Oregon Lawmakers Upset As National Health Care Firms Attempt To Enter State

Nick Budnick, for The Oregonian, writes that in 2011 Oregon lawmakers passed health care reforms that are “supposed to blaze new ground for the nation, using locally based groups of Oregon providers, hospitals and clinics, to save money while offering innovative, high-quality care for the neediest.”

This has caused lawmakers in the state to raise questions as two national health care firms now wish to get in on the action, from the article:

Centene Corporation of Missouri and United Healthcare of Minnesota are among about 50 groups, companies and nonprofits that submitted letters of intent to form coordinated care organizations for the Oregon Health Plan. The state spends more than $3 billion a year in state and federal funds to care for 650,000 low-income people.”

“Oregon’s reforms, passed in 2011 and earlier this year , do not ban out-of-state or for-profit firms from qualifying as care organizations. Whether a firm meets standards won’t be decided by state officials until applications are submitted and reviewed starting this month.”

“Supporters say the national firms offer expertise and resources. Critics, however, are raising the alarm. The out-of-state firms, both traded on the stock market, will be less likely to embrace the groundbreaking approach intended in Oregon, they say.”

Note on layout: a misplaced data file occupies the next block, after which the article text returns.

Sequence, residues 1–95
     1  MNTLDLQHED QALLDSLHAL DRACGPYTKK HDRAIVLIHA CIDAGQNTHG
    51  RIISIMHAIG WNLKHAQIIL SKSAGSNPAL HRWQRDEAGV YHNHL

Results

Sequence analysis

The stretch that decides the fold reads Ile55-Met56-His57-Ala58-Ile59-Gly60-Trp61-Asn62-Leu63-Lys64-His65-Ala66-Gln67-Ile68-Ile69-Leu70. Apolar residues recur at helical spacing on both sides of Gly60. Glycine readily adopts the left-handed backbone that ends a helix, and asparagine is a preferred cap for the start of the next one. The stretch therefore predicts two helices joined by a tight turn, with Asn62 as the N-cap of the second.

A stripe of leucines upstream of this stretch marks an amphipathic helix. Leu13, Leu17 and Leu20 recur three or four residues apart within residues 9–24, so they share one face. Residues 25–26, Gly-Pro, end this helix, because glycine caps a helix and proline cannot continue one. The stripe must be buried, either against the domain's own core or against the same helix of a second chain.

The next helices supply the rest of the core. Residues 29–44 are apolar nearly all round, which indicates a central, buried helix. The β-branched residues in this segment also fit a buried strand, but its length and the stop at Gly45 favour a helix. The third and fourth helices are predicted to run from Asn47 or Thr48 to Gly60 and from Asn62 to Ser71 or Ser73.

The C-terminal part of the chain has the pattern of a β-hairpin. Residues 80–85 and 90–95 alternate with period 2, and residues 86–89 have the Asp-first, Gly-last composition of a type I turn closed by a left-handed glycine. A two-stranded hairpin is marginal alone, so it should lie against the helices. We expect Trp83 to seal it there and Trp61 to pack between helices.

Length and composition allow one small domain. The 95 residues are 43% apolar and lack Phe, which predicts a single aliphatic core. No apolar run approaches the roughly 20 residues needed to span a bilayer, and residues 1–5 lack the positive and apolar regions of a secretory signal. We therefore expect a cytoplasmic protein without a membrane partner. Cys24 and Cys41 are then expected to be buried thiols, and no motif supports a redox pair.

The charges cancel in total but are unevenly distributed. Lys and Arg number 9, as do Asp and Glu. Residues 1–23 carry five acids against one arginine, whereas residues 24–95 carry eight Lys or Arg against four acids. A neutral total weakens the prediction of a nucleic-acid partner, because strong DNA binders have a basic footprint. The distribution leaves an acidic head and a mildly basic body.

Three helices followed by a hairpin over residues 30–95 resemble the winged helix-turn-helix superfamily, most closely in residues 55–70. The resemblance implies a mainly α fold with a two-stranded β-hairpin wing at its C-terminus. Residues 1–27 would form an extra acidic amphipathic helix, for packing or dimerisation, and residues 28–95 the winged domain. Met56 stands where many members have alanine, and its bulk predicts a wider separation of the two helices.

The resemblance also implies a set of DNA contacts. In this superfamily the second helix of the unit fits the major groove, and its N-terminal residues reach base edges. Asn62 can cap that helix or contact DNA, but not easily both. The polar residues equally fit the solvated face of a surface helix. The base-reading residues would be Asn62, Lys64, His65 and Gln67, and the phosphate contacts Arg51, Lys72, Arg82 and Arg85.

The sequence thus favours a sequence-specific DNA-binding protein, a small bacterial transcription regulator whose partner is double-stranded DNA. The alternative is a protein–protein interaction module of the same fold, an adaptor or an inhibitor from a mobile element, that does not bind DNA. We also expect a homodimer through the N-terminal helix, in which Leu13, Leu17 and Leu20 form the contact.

A Co-Chair of the Oregon House Health Care Committee does not welcome the idea of national firms entering the state:

“I do not think this was the intent of the legislation,” said Rep. Mitch Greenlick, D-Portland, of the national firms. A co-chair of the House Health Care Committee, Greenlick said state officials “should do everything possible to prevent them from coming in. I hope we hold their feet to the fire.”

Washington State has seen a similar influx of national plans, but the administration has generally welcomed such plan participation.  Nevertheless, there is a diversity of opinion on the role of these plans in a market.

“In other states, the large multistate Medicaid plans have been accused of skimping on care or number of providers. Quality and cost concerns caused Connecticut to recently cancel its for-profit managed care system, ending contracts with United Healthcare and other providers.”

“A Vancouver-area provider group recently filed suit after losing a Medicaid contract to Centene. The Missouri firm lacks an adequate local provider network to serve patients, said officials with Columbia United Providers.”